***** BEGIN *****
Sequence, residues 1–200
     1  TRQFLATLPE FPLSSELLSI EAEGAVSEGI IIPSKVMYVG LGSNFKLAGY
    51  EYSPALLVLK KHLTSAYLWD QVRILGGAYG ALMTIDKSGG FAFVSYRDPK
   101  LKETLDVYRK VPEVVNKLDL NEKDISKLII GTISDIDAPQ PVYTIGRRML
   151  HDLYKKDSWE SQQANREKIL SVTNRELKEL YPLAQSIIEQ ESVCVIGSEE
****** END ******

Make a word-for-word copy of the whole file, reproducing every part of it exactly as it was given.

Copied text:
Sequence, residues 1–200
     1  TRQFLATLPE FPLSSELLSI EAEGAVSEGI IIPSKVMYVG LGSNFKLAGY
    51  EYSPALLVLK KHLTSAYLWD QVRILGGAYG ALMTIDKSGG FAFVSYRDPK
   101  LKETLDVYRK VPEVVNKLDL NEKDISKLII GTISDIDAPQ PVYTIGRRML
   151  HDLYKKDSWE SQQANREKIL SVTNRELKEL YPLAQSIIEQ ESVCVIGSEE